Will Crowther was part of a tech community that included students at MIT and Caltech who were fond of exploring their school’s extensive underground tunnel systems. At MIT you could stay in various basements for a mile or more if you could pick a few locks. They too were often full of treasures in the form of mad scientist like gizmos that dealt with HVAC, communications and so on. Combine spelunking with late night basement exploration, and you have a recipe for adventure.

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  10. At MIT you could stay in various basements for a mile or more if you could pick a few locks.

    You don’t even have to have any lock picking skills to do this. Just follow the basement from one building to the next, and you can easily cover a distance of a kilometer or more. It works on some of the upper floors as well. MIT claims to have the world’s second-longest extent of interconnecting hallways. Number 1, of course, is the Pentagon, but most of the Pentagon is inaccessible to civilians who are not DOD employees. MIT’s hallways are.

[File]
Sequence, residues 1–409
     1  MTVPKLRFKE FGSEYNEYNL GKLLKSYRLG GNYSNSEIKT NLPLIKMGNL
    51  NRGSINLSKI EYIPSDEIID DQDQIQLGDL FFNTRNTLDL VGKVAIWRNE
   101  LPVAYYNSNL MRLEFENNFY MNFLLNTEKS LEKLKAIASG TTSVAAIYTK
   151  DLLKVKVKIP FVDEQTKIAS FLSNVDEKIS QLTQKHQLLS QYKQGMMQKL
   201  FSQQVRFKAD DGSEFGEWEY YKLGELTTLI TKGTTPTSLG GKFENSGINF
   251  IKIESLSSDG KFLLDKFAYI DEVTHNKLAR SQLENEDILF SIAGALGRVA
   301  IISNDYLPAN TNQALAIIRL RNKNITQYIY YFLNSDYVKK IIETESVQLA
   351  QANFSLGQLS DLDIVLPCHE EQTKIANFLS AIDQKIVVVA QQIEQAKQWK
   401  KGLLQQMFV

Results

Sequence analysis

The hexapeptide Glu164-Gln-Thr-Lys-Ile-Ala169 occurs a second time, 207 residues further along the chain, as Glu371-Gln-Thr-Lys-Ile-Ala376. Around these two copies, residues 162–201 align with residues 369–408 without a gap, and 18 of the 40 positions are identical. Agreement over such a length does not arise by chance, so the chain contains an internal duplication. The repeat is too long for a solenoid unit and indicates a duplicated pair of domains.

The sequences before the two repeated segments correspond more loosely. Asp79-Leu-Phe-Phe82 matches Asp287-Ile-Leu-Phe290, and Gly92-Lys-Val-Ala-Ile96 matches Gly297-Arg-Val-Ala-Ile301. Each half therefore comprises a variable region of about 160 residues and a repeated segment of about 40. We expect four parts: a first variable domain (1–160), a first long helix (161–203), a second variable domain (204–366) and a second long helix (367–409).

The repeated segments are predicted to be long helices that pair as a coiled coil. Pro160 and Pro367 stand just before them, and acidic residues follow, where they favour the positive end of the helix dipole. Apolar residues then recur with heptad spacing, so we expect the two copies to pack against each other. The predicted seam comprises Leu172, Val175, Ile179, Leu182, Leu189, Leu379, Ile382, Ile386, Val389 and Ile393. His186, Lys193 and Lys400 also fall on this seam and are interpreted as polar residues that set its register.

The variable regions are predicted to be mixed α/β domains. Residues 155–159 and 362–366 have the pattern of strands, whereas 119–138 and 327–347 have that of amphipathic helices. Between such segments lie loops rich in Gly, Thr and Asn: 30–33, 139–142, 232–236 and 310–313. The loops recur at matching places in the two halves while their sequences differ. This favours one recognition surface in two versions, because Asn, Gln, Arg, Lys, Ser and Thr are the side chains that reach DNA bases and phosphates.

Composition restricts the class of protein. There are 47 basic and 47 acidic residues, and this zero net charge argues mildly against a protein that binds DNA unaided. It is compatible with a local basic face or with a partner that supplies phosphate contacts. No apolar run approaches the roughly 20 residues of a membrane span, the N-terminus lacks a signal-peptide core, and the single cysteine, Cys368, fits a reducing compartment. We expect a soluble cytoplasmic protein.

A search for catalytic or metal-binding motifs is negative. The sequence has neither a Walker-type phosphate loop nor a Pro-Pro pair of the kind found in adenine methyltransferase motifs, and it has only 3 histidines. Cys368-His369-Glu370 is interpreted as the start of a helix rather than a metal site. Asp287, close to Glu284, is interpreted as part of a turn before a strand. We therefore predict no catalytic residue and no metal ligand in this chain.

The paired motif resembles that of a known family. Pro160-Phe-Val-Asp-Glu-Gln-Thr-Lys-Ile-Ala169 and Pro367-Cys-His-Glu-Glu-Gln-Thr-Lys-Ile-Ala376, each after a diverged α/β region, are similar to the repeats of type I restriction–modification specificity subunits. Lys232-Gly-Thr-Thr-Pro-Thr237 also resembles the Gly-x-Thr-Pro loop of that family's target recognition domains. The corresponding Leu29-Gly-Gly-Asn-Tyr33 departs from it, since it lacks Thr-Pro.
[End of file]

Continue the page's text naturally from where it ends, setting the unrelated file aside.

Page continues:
That’s not to say that people don’t try to get access to the steam tunnels and other forbidden spaces. Among MIT’s traditions is that every now and then a group of students will successfully conspire to place objects on the Great Dome and other locations. The list at the link is not complete: it only goes back to 1994, so it doesn’t include the fully functional public telephone booth, among other things. IHTFP is an acronym which stands for a number of different things, the most common of which is “I Hate This Place” (if you’re smart enough to get into MIT, it’s assumed you are smart enough to figure out what the F stands for).